Friday, September 18, 2015

Tropical Fish and Dialogue

The setting, the address, and the small, invitation-sized envelopes in which he presents his bills to you jump out at you like cliches being called to your attention in your own work by a New York editor, or either of your two favorite waitresses at the two cliche Beverly Hills delicatessens, Nate and Al's  or Linny's.

Bedford Avenue, Beverly Hills, had, at the time, enough psychiatrists to ease the woes of all of Southern California, where there were, now that you think of it, woes similar to your own.  

A block or two away, the psychiatrists had given way to psychologists, or, as the patients would often discuss in any of the amazing small bars or lounges, the respective difference between an M.D. and a Ph.D.

Yours was on Bedford, thus doctor meant M.D., which, for a brief time, put you in good standing with a girl named Mitzi, who said of you, "You must have some serious shit to need an M.D."  This meant for a time she thought you exuded a danger you did not exude and a mystery you seemed to convey to those about you but by no means to yourself.

Mitzi could be counted on to have a half-pint of Hennessey's or Courvoissier in her purse, which you would share at a shady area off Roxbury Park after you'd been to your M.D. and she to her Ph.D., discussing in sweeping rhetoric your reasons for your respective visits to these professionals and pursuing the extent of your chemistry.  "I sit around and brood, can't stand the sons of my parents' friends, read anything but assigned reading for classes, and stay up late, listening to music."  For this, her sessions with the Ph.D. were ninety dollars an hour.

Your symptoms seemed close enough to have you wondering what you were getting for your hundred twenty dollars an hour from the M.D., an issue raised on your next visit to the M.D. on Bedford Avenue.  For his part, he wanted to know if this was something you'd discussed with Mitzi or arrived at by yourself.  At this point, you noticed the M.D. had a considerable tropical fish tank set-up.  

You paused for a moment or two to regard a spectacular display of small fish of various widths and accouterments, parading about in splashes of bright color.  You decided to ask Mitzi if her Ph.D.--you were always polite about that, even though she called your M.D. a shrink--had tropical fish.

"I am looking at,"  you told the M.D, " at list two thousand dollars worth of fish here.  It's not so much that I begrudge you a hobby as it is that I'm wondering if I'm not here because my hobby on display is my difficulty in moving through my teens, into my twenties without a clear sense of where this is taking me."

The M.D. smiled, stood, shook your hand, and gave you another invitation-sized envelope with an invoice in it.  "Good dialogue,"  he said.  "I think we're beginning to get somewhere."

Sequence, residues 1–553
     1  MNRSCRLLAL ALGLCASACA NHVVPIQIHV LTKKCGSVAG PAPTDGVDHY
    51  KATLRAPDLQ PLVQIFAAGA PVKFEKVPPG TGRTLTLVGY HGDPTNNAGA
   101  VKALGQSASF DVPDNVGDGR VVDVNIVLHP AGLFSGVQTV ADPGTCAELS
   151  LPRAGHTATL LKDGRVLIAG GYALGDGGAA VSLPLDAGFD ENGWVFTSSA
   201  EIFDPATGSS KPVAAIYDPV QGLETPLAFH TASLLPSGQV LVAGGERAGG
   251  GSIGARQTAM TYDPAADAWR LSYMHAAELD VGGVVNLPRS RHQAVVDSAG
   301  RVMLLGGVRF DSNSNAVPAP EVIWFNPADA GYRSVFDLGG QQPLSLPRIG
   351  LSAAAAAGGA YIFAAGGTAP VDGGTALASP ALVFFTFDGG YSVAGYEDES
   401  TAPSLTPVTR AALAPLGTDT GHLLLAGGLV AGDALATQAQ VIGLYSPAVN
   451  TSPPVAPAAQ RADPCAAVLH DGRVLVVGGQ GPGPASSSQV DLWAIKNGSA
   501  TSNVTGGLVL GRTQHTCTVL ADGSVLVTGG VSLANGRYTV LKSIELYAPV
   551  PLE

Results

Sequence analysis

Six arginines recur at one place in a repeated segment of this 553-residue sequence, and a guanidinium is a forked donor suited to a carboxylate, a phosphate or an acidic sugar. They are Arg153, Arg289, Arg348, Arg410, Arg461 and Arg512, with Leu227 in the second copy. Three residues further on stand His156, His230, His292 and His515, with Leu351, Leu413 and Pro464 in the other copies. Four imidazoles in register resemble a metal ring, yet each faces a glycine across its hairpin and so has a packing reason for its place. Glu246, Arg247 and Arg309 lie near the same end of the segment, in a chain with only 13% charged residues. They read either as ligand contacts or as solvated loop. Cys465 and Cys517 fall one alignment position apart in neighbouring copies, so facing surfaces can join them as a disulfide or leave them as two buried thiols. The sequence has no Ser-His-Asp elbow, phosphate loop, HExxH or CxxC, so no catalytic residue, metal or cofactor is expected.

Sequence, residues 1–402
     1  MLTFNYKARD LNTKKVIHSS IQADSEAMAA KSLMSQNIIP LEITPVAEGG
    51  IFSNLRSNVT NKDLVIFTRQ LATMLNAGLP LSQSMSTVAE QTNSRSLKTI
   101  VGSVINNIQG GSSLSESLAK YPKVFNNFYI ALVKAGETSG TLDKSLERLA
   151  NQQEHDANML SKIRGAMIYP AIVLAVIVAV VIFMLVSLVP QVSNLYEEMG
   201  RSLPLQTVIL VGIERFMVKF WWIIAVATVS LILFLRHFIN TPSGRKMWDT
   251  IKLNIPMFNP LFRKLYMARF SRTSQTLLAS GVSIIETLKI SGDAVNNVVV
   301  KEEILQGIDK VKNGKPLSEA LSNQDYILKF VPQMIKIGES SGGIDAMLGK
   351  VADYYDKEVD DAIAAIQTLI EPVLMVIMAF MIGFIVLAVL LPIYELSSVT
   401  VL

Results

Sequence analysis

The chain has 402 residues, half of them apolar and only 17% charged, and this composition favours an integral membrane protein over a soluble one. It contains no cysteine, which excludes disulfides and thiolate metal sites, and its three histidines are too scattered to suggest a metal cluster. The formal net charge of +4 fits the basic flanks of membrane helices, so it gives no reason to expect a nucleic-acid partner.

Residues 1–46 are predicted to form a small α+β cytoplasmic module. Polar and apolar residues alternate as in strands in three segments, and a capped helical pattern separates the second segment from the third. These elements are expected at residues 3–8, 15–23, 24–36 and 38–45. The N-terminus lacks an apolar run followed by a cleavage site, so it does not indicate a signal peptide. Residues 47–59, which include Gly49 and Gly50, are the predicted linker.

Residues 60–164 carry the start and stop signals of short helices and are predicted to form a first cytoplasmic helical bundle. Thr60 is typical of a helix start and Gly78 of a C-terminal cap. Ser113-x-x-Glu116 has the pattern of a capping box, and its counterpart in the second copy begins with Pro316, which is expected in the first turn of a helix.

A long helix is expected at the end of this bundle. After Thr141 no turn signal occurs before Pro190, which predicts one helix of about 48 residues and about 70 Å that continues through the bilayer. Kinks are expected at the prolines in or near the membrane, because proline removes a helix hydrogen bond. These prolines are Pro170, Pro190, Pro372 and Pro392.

"He told you that?,"  Mitzi said, about forty-five minutes later, under a shady tree in the parking lot of Roxbury Park.

"Listen,"  you said.  "Does your Ph.D. have anything like a fish tank in his office?"

"How could you know that?"  she said. "How could you possibly know that? "

You told her it was part of your danger and mystery, whereupon she began to cry.  You watched her for a moment, wishing she'd get to the part where the Hennessey's or Courvoisier came out, thinking also that there was something vulnerable and attractive about her crying, thinking there was the possibility of something beyond your established plateaus.

"I want you to know I am seeing someone,"  she said, "and while we haven't discussed it yet, I don't think he--his name is Josh--would be comfortable with what you and I--"

"Not Josh from 'The Nineteenth Century American Novel'?  Is he--Is he dangerous and mysterious?"

"He is sensitive.  I like that in a man."

"More than danger and mystery?"

You were reminded of those times, including your growing suspicions that your visits to Bedford Avenue and the tropical fish were drawing to a close by a note you received from your literary agent a few days ago, giving you a URL to click on and a password to type in when prompted.  She was eager for you to see the brief scene between a series character, portrayed by the actor Tom Selleck, whom you find mildly effective, and his character's shrink, portrayed by William Devane, an actor you do admire to a considerable degree.

The agent was right; the dialogue was superb, each character revealing arresting layers of depth and resources.  This reminded you of your time on Bedford, your time with Mitzi, and your sense of how dialogue has changed the way you look at life and narrative.




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